Artificial Vision

Artificial vision is the use of special technology to give some vision to people without natural sight. Devices for artificial vision are largely experimental. However, scientists are working to develop functional models that will give some vision to certain people who would otherwise be blind.

Some artificial vision devices target the retina, the tissue lining the inside of the back of the eye. Light-sensitive cells in the retina—called rods and cones—absorb light rays and change them into electrical signals. The signals are sent to the brain, which interprets them as visual images. Several diseases can damage the retina, causing retinal degeneration that eventually leads to blindness. In some cases, disease causes the cones and rods to die but leaves undamaged other cells in the retina as well as the optic nerve—the retina’s connection to the brain. Patients in this condition may benefit from artificial vision systems implanted directly into the eye to restore sight.

One form of artificial vision, called a retinal prosthesis, uses small electrodes to stimulate certain cells in the retina. A surgeon places the electrodes in the back of the eye, in front of or behind the retina. In many designs an external camera, usually mounted in a pair of eyeglasses, captures visual imagery and relays it to a small computer. The computer sends radio or infrared signals to the implanted electrodes, which convert them to electrical signals. The stimulated retina cells send these signals to the brain, where they are interpreted as vision. Other designs do not require an external camera, and instead try to use the retinal implant as a more direct replacement for damaged rods and cones.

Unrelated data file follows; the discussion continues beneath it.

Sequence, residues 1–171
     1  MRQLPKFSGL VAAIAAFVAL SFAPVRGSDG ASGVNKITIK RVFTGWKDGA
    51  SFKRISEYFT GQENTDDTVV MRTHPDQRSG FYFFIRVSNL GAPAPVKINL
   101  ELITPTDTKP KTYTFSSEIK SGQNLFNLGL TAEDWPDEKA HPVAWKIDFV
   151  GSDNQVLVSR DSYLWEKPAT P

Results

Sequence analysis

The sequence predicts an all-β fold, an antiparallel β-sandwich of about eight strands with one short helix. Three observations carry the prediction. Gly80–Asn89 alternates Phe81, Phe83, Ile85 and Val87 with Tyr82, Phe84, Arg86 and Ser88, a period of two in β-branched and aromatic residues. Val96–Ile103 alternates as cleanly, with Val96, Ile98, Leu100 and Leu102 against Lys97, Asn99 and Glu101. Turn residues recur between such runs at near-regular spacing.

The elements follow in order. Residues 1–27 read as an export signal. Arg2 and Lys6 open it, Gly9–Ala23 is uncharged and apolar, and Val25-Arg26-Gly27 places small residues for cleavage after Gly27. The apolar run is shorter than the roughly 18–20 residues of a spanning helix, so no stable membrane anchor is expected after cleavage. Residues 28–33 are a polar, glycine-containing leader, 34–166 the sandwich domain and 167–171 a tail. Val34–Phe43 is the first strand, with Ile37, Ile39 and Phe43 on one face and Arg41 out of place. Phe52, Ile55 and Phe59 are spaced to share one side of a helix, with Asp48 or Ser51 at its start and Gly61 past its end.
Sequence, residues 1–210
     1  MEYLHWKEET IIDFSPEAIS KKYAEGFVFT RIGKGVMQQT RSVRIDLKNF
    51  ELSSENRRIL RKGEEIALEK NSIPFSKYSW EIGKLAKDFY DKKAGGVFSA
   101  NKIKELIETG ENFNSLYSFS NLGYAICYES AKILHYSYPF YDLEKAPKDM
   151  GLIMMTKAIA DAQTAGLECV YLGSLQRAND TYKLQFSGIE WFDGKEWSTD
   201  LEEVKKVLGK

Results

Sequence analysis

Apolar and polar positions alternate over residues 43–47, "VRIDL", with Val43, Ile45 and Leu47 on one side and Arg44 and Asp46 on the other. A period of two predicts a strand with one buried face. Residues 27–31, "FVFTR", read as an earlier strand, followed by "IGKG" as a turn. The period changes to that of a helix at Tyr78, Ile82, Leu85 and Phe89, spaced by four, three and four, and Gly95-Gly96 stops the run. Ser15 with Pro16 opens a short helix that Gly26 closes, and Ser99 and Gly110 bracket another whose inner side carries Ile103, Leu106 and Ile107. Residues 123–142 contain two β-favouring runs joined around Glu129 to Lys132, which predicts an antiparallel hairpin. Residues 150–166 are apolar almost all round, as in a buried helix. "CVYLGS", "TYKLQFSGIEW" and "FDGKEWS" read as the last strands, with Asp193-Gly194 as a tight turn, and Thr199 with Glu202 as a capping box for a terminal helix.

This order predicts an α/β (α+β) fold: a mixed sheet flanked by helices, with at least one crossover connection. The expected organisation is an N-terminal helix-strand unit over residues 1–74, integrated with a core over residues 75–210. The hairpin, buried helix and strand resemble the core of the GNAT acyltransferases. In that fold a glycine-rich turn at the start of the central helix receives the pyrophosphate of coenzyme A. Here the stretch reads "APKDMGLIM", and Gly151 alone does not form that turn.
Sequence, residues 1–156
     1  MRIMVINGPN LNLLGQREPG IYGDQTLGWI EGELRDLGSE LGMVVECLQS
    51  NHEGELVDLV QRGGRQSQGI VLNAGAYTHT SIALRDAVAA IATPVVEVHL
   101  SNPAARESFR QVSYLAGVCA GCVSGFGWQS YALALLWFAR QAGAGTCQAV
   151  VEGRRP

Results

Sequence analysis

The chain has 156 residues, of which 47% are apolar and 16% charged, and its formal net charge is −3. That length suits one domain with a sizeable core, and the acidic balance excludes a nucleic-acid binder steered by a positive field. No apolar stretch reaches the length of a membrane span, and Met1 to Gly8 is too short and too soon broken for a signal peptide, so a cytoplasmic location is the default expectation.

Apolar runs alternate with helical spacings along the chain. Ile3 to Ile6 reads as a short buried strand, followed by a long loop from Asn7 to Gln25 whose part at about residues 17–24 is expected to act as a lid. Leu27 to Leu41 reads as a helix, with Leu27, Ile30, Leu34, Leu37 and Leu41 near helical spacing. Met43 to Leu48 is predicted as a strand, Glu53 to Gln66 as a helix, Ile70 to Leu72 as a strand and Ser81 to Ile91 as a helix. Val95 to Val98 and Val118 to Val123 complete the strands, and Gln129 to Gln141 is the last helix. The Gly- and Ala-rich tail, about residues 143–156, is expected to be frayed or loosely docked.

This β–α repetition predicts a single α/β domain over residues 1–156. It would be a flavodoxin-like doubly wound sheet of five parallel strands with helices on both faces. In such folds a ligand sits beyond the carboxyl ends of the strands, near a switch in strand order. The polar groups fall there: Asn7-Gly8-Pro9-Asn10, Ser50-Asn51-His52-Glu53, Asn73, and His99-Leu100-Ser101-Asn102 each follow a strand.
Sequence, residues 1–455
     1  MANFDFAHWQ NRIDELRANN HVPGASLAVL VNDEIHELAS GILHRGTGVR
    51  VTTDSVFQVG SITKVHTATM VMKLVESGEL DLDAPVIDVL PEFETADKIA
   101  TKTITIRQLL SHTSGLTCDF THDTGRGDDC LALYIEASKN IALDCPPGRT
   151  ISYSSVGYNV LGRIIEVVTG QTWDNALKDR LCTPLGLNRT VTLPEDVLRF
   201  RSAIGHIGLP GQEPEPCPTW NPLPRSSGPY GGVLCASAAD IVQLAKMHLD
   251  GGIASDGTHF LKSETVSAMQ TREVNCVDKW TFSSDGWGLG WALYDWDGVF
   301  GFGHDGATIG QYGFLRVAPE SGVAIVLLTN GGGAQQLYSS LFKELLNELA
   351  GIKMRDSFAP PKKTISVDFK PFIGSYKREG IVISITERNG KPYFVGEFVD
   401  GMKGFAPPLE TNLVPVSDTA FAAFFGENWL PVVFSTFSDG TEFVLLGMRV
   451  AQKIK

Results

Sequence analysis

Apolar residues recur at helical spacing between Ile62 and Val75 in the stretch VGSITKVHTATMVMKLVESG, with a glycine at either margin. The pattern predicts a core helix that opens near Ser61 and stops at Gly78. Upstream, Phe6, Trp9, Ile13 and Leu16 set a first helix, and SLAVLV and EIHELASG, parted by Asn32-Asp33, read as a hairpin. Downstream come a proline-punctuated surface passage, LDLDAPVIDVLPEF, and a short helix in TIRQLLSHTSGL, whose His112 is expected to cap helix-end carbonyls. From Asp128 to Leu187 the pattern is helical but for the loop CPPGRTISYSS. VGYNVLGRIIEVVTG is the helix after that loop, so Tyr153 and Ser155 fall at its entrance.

The image created by a retinal prosthesis appears as a pattern of lighted dots that are large and fuzzy. The retinal prosthesis cannot create a detailed picture, but it may help a blind person, for example, to find his or her way around obstacles and to locate objects at close range.

In patients with damaged optic nerves, signals cannot get from the eye to the portion of the brain responsible for vision. In these patients, physicians can implant electrodes directly in the brain to receive signals. In combination with an external camera and a computer, the electrodes stimulate brain cells to produce a crude image.

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